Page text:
Property Values and Recent Sales Help

For information on the Property Value and Recent Sales tool and how to use it, click a link below to go to an entry. Click "Back to Top" from each entry to return to this list.

What is this?
Who provides this information?
Where does this data come from?
How often is the data updated?
How current is the Recent Sales data?
Is this data accurate?
How do I report problems or submit questions?
How do I request removal of my data?
How do I know the source of the information in a specific record?
Has this data been manipulated in any way?
Why is the property information different from one sale to another?
Is washingtonpost.com an official source of data?
Where can I get official data?
How far back does the data go?
Why is the data sometimes incomplete?
What is the minimum information needed for a search?
How do I find my home?
Is there more information about a property than is shown in the list of results?
When I type my name into the owner name box, why doesn't my home appear in the result list?
When I type the name of my street into the street name box, why aren't homes on my street returned?
How do I refine my search?
Can I sort search results?
Why does it always show 500 records found?
Why is a sale price marked "May not reflect market value"?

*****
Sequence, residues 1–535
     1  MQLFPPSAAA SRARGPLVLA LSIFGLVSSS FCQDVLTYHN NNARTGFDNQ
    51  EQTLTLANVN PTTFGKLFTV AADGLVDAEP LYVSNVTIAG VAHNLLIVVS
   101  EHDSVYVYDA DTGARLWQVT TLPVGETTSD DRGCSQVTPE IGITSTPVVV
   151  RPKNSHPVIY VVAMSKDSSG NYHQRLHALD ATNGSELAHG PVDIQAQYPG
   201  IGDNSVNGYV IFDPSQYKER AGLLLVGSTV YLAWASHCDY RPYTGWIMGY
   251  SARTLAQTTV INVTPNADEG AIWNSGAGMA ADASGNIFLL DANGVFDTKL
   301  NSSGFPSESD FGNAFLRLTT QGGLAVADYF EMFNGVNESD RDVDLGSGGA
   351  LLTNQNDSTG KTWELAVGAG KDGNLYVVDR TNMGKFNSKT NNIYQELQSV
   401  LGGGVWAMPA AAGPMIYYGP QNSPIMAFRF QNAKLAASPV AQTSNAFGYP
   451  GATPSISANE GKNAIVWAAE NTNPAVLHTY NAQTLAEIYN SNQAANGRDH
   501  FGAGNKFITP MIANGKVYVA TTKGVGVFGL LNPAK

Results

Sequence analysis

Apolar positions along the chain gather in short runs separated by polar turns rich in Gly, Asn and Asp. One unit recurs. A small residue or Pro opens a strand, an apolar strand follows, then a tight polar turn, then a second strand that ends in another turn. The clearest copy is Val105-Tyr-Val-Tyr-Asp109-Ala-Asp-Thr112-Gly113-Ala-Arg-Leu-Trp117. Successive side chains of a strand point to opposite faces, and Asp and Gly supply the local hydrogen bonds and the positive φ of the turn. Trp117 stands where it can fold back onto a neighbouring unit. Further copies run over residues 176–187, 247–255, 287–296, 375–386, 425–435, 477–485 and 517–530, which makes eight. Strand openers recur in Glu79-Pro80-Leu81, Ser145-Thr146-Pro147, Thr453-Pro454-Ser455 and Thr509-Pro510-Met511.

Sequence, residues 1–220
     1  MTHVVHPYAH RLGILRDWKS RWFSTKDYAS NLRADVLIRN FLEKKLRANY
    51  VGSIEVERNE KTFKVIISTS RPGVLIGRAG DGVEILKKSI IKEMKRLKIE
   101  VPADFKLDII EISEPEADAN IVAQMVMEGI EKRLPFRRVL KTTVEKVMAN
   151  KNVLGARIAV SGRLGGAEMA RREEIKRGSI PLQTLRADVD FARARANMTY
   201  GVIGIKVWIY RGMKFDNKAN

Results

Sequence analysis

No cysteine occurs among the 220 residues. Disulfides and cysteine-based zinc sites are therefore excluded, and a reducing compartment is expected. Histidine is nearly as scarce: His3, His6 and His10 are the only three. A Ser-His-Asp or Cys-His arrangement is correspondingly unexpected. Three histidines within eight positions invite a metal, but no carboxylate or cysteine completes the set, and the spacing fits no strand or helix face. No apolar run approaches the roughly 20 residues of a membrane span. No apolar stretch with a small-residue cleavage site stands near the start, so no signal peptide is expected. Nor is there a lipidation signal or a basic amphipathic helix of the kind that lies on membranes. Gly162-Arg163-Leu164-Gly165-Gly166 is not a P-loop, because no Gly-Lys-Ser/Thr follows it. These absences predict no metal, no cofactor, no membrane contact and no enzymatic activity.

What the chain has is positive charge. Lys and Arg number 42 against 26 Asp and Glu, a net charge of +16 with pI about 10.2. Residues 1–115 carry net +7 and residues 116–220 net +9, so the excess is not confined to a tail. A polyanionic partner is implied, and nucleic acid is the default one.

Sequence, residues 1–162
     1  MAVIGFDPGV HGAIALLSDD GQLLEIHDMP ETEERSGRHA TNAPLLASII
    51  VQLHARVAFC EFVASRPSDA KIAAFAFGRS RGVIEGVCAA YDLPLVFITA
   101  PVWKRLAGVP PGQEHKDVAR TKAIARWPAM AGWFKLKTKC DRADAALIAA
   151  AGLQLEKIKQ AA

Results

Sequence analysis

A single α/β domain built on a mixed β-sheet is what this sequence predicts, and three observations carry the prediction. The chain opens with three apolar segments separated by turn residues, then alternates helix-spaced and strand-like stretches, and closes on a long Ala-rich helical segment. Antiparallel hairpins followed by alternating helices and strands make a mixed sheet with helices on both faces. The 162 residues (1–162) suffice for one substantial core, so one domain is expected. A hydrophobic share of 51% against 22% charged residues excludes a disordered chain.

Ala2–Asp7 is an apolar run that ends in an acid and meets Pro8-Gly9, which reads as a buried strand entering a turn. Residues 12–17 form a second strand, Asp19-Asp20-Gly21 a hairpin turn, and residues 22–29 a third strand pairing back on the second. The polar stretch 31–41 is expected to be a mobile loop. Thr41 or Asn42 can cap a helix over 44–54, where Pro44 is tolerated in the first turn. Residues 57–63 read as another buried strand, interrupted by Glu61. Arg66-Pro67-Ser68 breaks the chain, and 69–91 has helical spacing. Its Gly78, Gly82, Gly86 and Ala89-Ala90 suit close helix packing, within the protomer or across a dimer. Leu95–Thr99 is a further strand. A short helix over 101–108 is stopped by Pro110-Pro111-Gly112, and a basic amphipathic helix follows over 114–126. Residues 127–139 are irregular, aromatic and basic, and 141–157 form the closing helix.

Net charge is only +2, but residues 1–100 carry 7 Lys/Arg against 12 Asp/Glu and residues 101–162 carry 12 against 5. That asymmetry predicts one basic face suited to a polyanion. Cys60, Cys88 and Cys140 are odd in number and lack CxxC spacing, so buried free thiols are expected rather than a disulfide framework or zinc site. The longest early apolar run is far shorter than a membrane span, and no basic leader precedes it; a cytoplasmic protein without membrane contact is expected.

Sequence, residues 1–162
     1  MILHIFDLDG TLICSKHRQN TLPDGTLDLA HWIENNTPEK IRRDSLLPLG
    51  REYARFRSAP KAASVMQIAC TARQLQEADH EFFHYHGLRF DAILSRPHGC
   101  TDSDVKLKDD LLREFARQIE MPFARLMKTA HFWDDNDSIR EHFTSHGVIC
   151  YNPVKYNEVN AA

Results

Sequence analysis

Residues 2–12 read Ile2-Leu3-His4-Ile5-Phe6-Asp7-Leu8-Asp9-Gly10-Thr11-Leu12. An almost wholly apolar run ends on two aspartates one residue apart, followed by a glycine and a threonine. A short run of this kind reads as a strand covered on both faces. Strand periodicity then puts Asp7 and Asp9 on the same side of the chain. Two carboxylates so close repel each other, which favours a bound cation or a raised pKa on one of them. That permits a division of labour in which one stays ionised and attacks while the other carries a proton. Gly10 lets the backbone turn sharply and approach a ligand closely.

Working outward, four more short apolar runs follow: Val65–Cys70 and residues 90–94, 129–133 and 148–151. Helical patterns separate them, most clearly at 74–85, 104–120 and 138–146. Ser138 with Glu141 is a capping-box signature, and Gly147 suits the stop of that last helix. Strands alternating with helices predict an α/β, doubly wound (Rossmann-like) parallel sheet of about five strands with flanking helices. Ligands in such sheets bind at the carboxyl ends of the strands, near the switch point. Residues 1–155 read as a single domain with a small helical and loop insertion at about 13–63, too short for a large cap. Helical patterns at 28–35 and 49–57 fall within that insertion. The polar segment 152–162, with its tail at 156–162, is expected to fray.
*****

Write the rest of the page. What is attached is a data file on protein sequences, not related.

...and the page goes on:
What is this?

The Property Values and Recent Sales search tool consists of two databases based on public records received in electronic format from city and county governments or their authorized data vendors. The Property Values database includes descriptions of residential and commercial properties in the Washington area. It includes assessment information, lot sizes and other information. The Recent Sales database contains descriptions of residential and commercial real estate sales in the Washington, D.C., area. These descriptions generally include sale price and date, as well as information about the property at the time of sale.


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Who provides this information?

These databases are provided by Washingtonpost.Newsweek Interactive. It is not an official source of assessment or property sale information. Official sale and property information can only be obtained from local government agencies and courts.


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Where does this data come from?

All sales and property data is based on public assessment and real property transfer records from Washington, D.C., and the following other jurisdictions:

In Maryland

  • Anne Arundel County
  • Calvert County
  • Charles County
  • Frederick County
  • Howard County
  • Montgomery County
  • Prince George's County
  • St. Mary's County

In Virginia

  • Alexandria City
  • Arlington County
  • Fairfax City
  • Fairfax County
  • Loudoun County
  • Prince William County
  • Stafford County